How did it happen? Good ideas, reinforced by credulous admirers, were taken to counterproductive extremes. Congratulated for their industrious work ethic, the team became their own slave masters. Praised for leaving no stone unturned, they found ever more stones to upturn, each less relevant than the last. Lauded for their professionalism, they snuffed out the last glimpses of play (from a game, let’s remember). Admired for their dedication, they fantasised it was the answer to every problem.
The resulting atmosphere: anxious, dutiful, earnest, fearful and highly professional. Too little in evidence: fun, naturalness, mischief, adventure, lightness, wit and maverick independence. As always, collective mood is partly a consequence of losing rather than a cause of it. In this instance, however, team dynamics influenced performance as well as vice versa.
At the heart of the story are three good men – the coach, Andy Flower; the captain, Alastair Cook; and the batting coach, Graham Gooch. Taken individually, they all have great qualities. Flower is direct, analytical and forthright; Cook has integrity, calmness and resilience; Gooch is respected, understated and down-to-earth. But somehow this triumvirate, reunited after a long-standing alliance at their county team, Essex, has proved less than the sum of its parts. Perhaps they reinforced each other too much. As they searched for players with their own single-minded approach to success, the template for “their” kind of player hardened and shrank.
A classic paradox emerged: instead of developing 16 cricketers into ultra-efficient players in the Cook-Gooch-Flower mould, they watched a team lose its collective clout. Instinctive players cannot reinvent themselves overnight as gutsy battlers. They just become bad versions of their old selves – scoring unnaturally slowly then getting out, disorientated by a lack of familiarity with their own performance. That is pretty much what happened for five Test matches. Yet after each defeat the mantra was “We’ll work harder”. There seemed no one around to suggest trying something different.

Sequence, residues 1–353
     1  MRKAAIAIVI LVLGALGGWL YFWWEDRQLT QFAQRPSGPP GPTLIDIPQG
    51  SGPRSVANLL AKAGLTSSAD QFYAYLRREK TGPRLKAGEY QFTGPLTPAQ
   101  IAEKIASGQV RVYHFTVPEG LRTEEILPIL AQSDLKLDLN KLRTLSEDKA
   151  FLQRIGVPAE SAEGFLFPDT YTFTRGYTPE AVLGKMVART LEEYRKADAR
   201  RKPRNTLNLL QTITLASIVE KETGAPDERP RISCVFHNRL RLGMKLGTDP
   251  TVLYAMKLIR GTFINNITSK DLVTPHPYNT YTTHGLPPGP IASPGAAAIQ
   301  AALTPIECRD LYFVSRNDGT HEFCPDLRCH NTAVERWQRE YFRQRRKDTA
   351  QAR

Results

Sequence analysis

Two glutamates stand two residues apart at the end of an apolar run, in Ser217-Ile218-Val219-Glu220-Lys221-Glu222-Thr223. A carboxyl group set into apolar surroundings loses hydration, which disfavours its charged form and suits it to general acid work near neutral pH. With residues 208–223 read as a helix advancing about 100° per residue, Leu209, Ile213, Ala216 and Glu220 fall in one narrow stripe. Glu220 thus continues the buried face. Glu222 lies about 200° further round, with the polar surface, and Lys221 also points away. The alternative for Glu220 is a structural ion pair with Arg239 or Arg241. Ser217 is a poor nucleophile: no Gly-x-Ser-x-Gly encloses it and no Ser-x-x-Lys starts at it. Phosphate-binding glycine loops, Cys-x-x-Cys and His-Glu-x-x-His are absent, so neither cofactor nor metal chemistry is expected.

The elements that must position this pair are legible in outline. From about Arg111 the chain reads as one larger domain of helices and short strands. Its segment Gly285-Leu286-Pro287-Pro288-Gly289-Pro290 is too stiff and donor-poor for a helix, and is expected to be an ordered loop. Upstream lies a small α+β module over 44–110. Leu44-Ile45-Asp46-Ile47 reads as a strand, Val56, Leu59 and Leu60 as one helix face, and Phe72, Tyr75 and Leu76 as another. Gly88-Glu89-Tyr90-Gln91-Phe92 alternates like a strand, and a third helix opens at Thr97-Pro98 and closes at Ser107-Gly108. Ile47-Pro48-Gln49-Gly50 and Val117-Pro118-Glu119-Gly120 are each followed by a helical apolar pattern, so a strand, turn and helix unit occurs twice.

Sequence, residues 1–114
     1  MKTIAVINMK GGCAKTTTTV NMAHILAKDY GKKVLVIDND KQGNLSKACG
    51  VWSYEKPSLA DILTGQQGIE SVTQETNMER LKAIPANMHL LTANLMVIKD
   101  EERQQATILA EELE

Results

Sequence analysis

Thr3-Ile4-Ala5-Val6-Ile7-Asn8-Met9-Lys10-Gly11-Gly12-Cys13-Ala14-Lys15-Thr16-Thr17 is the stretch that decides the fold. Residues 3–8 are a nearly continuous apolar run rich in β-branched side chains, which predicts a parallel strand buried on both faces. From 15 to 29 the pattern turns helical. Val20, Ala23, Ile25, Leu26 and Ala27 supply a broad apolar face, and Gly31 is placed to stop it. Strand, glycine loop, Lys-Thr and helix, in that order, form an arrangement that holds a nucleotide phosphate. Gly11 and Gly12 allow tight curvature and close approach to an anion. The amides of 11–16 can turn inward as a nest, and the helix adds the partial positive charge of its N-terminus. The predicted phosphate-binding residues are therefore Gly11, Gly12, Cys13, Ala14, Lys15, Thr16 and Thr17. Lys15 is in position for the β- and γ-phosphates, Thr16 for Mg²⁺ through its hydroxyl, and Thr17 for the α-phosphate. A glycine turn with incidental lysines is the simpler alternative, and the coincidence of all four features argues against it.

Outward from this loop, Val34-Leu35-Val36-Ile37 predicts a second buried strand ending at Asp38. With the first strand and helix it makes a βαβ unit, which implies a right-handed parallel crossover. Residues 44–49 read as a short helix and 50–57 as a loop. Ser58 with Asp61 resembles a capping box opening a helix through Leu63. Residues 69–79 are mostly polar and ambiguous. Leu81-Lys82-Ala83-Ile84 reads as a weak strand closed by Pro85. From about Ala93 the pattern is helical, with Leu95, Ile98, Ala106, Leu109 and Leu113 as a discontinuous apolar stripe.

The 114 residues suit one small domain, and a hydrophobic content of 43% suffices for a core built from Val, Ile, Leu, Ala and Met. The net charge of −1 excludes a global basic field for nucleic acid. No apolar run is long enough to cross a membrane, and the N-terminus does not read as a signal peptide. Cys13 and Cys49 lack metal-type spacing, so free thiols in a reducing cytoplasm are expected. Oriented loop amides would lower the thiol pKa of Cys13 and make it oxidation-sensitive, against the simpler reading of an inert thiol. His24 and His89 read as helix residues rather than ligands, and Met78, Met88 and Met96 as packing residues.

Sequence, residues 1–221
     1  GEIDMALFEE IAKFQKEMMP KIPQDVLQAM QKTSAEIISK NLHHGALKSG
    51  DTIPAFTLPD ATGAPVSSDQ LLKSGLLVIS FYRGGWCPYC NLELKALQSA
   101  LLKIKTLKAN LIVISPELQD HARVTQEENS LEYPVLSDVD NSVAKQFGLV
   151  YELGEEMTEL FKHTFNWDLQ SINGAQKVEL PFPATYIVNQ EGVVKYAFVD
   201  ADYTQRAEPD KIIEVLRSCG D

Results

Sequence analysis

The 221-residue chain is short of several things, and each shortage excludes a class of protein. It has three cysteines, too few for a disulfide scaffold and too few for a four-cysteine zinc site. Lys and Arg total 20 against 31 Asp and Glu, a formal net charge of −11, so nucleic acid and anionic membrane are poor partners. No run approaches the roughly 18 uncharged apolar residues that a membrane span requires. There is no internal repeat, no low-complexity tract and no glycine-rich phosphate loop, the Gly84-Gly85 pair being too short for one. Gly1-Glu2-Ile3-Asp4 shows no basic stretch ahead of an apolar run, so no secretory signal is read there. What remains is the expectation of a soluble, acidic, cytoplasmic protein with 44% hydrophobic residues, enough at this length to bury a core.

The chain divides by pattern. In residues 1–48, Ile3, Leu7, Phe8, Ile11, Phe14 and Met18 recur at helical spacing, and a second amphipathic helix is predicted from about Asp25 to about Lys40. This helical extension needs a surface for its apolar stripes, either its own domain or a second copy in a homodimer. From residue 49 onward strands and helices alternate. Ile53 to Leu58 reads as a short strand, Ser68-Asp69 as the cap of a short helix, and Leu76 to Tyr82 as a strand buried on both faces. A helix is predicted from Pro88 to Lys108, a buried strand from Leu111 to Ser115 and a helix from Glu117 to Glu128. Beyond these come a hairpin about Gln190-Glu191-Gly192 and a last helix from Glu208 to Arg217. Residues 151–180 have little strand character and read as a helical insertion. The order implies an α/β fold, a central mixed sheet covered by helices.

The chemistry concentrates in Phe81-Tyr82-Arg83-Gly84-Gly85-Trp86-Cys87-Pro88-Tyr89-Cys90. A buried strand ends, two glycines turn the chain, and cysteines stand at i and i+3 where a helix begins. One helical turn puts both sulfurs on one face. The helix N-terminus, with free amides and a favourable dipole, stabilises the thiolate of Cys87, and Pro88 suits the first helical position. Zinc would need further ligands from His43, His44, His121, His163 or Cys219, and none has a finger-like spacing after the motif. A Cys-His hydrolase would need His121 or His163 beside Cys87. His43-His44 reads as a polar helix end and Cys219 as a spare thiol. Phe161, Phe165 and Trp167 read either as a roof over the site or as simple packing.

Frequently throughout this tour of Australia, two quotes have returned to my mind. The first is the dictum of Cook’s successful predecessor as England captain, Andrew Strauss. “I wouldn’t want to captain a team full of people like me,” Strauss used to say. He was not pretending to be a difficult character – quite the opposite. I have, in fact, captained Strauss, and he was strikingly considered and courteous. That was his point. Where a few players are naturally establishment figures (such as Strauss), others must remain true to their feisty, even egotistical nature. You can have too many of the “right” kind of player.
The second comment is an insight by Luiz Felipe Scolari, the football manager who coached Brazil to World Cup victory in 2002: “My priority is to ensure that players feel more amateur than professional.”
Combining these two ideas leads to the central challenge that faces all managers, in sport and beyond. Some players need to be managed towards greater discipline, focus and restraint. Others require the opposite encouragement, to be set free from stifling executive control. Hence two questions – where each player stands on that spectrum, and how to move them in the appropriate direction – add up to a definitive set of judgements for all captains and managers.
Yet none of this will quite suffice as a complete explanation of perhaps the most disappointing England tour ever (in shortfall between expectation and performance).
The Australian fast bowler Mitchell Johnson, often more miss than hit, bowled with lethal pace and venom. Had England’s batsmen been on top form, they might have weathered the storm and Johnson’s fragile confidence would have waned. But England looked jaded from the start. And extreme speed can turn a jaded batsman into a burned-out player within the space of a few well-directed 95mph bouncers. Australian fast bowling and English jadedness reinforced each other, creating a whirlpool effect that dragged England underwater.
James Anderson, who has taken more wickets than anyone who has worn an England shirt, has been ridiculed for writing in his autobiography that this was perhaps the greatest England team ever and they wanted to create a dynasty. This has been interpreted as fatal hubris.
Dynasties, after all, can wind up frighteningly quickly, with or without hubris at the top. Niall Ferguson’s essay “Complexity and Collapse” exposed the dangers in searching for long-term explanations (a natural historian’s impulse) within every dynastic collapse. A complex human system, Ferguson argued, resembles a termite hill more than an Egyptian pyramid: “They operate somewhere between order and disorder. Such systems can appear to operate quite stably for some time; they seem to be in equilibrium but are, in fact, constantly adapting. But there comes a moment when complex systems ‘go critical’. A very small trigger can set off a phase transition from a benign equilibrium to a crisis – a single grain of sand causes a whole pile to collapse.”
In comparison with the apparently reassuring ultra-professionalism of English cricket – the groomed lines of accountability, glossy mission statements and 82-page booklets about player nutrition – a few thunderbolts hurled by an Aussie fast bowler doesn’t sound like much. But the termite hill has crumbled all right, disintegrating into ashes.